I recently gave a talk at the Communications Asean Summit in Kuala Lumpur. There I was, a tukang cerita (or storyteller) among techies, start-up founders and data evangelists. The message of the multiple speakers was loud and clear: Goodbye subjectivity, the 21st Century is the age of Big Data (i.e. the ability to process huge data sets – quintillions of bytes of information)
But is it really?
Last year, at the height of US elections, I was in Houston, Texas spending some time with the Vidanas, two Mexican-American brothers living in the suburbs of the oil-rich city. The two gun-loving conservatives were staunch Donald Trump supporters despite their Latino heritage. This was puzzling to me: the Orange One had threatened to build a wall and kick out people like them!
But after spending a few days with them, hanging around local taquerias (taco joints), marvelling at their little gun shop, speaking to their parents (and cousins and grandparents and so on), I got a sense of why they might look up to Trump.
Sitting in their backyard – where a drug dealer had left bullet holes in their fence – I could feel their frustration with the status quo, their desperation for change that no survey asking to rate their disappointment on a scale from 1 to 10 could really capture.
On polling day, The New York Times posted a prediction that there was an 85 per cent chance for a Clinton victory. After weeks of speaking face-to-face with ordinary people from different walks of life all over the United States, I wasn’t so sure.
That night, while sitting in a hotel in semi-rural Michigan (as it happened, the epicentre of the pro-Trump wave), I had a sinking feeling that the “former” reality television star would come out on top.
Much to my dismay, he did. The pundits were devastated and have probably not recovered from the blow.
In the end, a naive reliance on data-alone failed us.
Don’t get me wrong: it’s important. GDP growth, inflation, unemployment rates, gross revenue – all these facts and figures form the backbone of any proper analysis.
But in a world drowning in data, knowing the numbers just isn’t enough.
Facebook collects information on every post you like, Google records every search you make and Instagram remembers every photo you uploaded. We sign away our privacy and allow Big Brother to know the minutiae of our lives, sometimes even more than our closest friends and family. This deluge of data has brought customised conveniences such as Apple’s Siri, but at what cost?
Recently, it was revealed that there was a massive leak of 46 million mobile users’ information in Malaysia, exposing home addresses, national identity card numbers and in some cases, medical records. Some people have had unknown mobile numbers signed up on their behalf. The incident revealed the dark side of data – more information can mean more risk.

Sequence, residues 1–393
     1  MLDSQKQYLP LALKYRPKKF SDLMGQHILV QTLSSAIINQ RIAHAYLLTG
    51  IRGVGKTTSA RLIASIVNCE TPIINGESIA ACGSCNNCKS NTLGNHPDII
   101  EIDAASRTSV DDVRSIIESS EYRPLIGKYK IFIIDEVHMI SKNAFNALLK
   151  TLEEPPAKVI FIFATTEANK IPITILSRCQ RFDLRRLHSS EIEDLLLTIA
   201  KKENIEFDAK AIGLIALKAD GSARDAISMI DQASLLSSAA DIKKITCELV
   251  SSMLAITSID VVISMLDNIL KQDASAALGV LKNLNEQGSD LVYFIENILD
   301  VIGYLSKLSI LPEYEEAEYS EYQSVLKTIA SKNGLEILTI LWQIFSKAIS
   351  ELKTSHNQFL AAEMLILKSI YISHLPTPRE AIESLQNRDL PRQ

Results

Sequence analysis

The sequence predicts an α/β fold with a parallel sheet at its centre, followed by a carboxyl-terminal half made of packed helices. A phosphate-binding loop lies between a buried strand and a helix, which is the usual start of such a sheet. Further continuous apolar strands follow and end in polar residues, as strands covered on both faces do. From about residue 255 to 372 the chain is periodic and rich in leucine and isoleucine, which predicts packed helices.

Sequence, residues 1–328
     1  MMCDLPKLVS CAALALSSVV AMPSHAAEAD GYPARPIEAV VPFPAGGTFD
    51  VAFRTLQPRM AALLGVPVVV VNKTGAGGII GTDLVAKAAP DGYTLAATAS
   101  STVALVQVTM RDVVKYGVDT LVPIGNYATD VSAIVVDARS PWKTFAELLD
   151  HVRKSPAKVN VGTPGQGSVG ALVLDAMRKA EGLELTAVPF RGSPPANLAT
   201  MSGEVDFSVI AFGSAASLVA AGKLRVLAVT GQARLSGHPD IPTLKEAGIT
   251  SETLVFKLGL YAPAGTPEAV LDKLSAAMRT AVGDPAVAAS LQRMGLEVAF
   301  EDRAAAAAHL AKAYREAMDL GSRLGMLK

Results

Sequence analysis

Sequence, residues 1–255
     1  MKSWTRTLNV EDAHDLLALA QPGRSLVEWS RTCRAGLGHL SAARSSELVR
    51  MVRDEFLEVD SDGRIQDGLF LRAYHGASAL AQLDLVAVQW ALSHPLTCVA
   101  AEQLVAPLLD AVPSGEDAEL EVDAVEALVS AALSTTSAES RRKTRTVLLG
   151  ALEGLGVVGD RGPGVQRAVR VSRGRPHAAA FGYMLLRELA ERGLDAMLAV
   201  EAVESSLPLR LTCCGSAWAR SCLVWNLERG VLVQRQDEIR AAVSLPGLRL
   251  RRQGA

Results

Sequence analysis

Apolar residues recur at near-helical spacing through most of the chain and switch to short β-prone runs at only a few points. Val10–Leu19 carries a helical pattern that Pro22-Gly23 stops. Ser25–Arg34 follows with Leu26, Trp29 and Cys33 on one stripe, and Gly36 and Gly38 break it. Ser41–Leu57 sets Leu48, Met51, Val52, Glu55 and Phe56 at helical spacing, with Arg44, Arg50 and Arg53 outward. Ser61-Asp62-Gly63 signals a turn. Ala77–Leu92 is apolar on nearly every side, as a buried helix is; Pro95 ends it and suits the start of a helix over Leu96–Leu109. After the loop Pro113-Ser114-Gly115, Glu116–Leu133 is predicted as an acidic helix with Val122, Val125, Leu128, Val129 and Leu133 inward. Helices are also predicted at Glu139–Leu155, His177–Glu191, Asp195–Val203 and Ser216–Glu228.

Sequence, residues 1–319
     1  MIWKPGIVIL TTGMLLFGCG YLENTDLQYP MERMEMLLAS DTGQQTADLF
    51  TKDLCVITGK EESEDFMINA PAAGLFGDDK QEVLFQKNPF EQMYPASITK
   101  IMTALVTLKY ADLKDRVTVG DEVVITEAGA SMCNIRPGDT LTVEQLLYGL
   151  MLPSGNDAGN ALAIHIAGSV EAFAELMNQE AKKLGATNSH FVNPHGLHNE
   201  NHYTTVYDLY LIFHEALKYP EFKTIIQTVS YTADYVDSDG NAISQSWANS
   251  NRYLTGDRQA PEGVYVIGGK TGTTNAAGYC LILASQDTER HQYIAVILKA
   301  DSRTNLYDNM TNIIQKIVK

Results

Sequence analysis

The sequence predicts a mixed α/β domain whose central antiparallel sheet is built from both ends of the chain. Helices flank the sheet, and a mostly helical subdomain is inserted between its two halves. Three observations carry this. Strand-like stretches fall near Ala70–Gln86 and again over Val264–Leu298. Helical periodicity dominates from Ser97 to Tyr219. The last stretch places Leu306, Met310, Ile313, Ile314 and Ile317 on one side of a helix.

At the same time, we must be cautious of turning data into a fetish. The past few years have seen pollsters, riding on a wave of Big Data enthusiasm, rise to rock-star status within the political punditry circuit – only to be smacked in the face with their dead-wrong predictions.
Too many polls failed to see the ascendancy of Trump, Brexit and the emergence of ethno-nationalist movements across Europe.
In her book Weapons of Maths Destruction, Harvard-trained mathematician Cathy O’Neil warns of the dangers of blind faith in big data. She argues that “objectivity” is a “marketing trick”, demonstrating that opaque algorithms riddled with faulty assumptions in fact reinforce human bias.
Sometimes, sticking to the data we know can trap us in history. After all, there is no data for new and untested ideas.
All this goes to show that data is not destiny.
But neither should we blindly follow our instincts.
Instead, human insight coupled with information is the way forward.
We need to be data-informed, not data-driven. There is a difference.
In September, a survey by research institute Social Weather Stations (SWS) reported a 15-point drop in Philippine President Rodrigo Duterte’s trust ratings. Opposition groups and the media were quick to jump on the bandwagon, heralding the end of the controversial leader’s “honeymoon”.
I flew to the Philippines and interviewed several Duterte supporters to see what had driven the change.
One of them was Manuel S. Abad, a 49-year-old sales manager living in Metro Manila. He acknowledged concerns about the casualties of the drug war, but ultimately remained firm on his support for the president.
“Duterte has brought tangible results, and my life has improved in very important ways since he took office. People can feel that.”
Days after the SWS survey, another study by rival firm Pulse Asia showed only a 1 per cent drop in the president’s trust ratings – within the margin of error.
In the face of conflicting data, there’s no substitute for being on the ground.
The devil is in the details, and often, numbers can’t capture the nuances of human sentiment.
On surveys, voters are loath to reveal their inner conflict, and try to boil down complex feelings into simple dichotomies: Yes or No.
The space between “Yes” and “No” is where kings are made.
At the end of the day, data is like the words of any work of literature – you need to interpret them.
As much as the scientists among us wish for a world without biases, we are still human – and that means unpredictability.
And while sometimes I may grumble at the irrationality, the contradictions and the chaos that is human nature, at the end of the day, I wouldn’t change a thing.
Southeast Asia – and human beings – are all the more fascinating for it.